In Greek mythology, Persephone /pərˈsɛfəniː/, also called Kore (the maiden) /ˈkɔəriː/, is the daughter of Zeus and the harvest-goddess Demeter, and queen of the underworld. Homer describes her as the formidable, venerable majestic queen of the shades, who carries into effect the curses of men upon the souls of the dead. Kore was abducted by Hades, the god-king of the underworld The myth of her abduction represents her function as the personification of vegetation which shoots forth in spring and withdraws into the earth after harvest; hence she is also associated with spring and with the seeds of the fruits of the fields. Similar myths appear in the Orient, in the cults of male gods like Attis, Adonis and Osiris, and later in the cult of Dionysos.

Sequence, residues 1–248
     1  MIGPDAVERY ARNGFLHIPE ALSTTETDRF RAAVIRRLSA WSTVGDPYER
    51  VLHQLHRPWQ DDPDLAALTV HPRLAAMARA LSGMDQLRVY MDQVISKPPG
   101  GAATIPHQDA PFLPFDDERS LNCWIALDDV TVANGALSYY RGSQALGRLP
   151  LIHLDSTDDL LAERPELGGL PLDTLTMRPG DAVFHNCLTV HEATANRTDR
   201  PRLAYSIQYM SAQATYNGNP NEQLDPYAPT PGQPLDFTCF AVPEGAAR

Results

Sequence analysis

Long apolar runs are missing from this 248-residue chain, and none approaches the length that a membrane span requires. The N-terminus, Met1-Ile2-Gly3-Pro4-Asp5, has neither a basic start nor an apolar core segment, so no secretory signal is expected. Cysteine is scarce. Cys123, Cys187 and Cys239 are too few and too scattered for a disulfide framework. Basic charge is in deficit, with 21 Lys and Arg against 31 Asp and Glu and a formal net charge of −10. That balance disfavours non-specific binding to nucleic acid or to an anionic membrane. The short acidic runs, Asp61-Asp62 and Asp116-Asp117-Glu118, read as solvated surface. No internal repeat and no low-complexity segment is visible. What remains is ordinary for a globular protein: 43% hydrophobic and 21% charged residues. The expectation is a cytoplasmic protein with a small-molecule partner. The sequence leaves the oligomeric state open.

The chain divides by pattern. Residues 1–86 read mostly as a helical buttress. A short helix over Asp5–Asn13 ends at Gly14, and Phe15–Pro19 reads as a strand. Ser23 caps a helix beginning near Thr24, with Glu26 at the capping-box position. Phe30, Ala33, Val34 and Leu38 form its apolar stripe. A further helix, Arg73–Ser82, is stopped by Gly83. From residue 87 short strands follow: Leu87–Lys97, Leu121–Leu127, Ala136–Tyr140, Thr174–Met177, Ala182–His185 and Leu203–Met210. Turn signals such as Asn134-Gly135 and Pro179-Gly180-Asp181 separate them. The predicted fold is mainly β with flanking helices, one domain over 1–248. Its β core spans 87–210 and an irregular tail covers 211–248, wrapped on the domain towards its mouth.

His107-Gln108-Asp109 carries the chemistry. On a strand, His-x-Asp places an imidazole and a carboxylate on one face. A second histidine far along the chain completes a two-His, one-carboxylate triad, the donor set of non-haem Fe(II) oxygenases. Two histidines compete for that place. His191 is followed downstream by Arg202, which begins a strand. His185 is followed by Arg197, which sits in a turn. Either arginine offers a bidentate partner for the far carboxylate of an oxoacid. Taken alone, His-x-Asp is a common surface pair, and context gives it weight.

Persephone as a vegetation goddess (Kore) and her mother Demeter were the central figures of the Eleusinian mysteries that predated the Olympian pantheon, and promised to the initiated a reward in a future existence. The mystic Persephone is further said to have become by Zeus the mother of Dionysos, Iacchus, or Zagreus. The origins of her cult are uncertain, but they may be related to the cult of Despoina in isolated Arcadia. In the Mycenean Greek tablets dated 1400-1200 BC , the "two mistresses and the king" are mentioned; John Chadwick believes that these were the precursor divinities of Demeter, Persephone and Poseidon. Demeter and Persephone were the two Great Goddesses of the Arcadian cults.
Persephone was commonly worshipped along with Demeter, and with the same mysteries. To her alone were dedicated the mysteries celebrated at Athens in the month of Anthesterion. In Classical Greek art, Persephone is invariably portrayed robed; often carrying a sheaf of grain. She may appear as a mystical divinity with a sceptre and a little box, but she was mostly represented in the act of being carried off by Hades.
In Roman mythology, she is called Proserpina.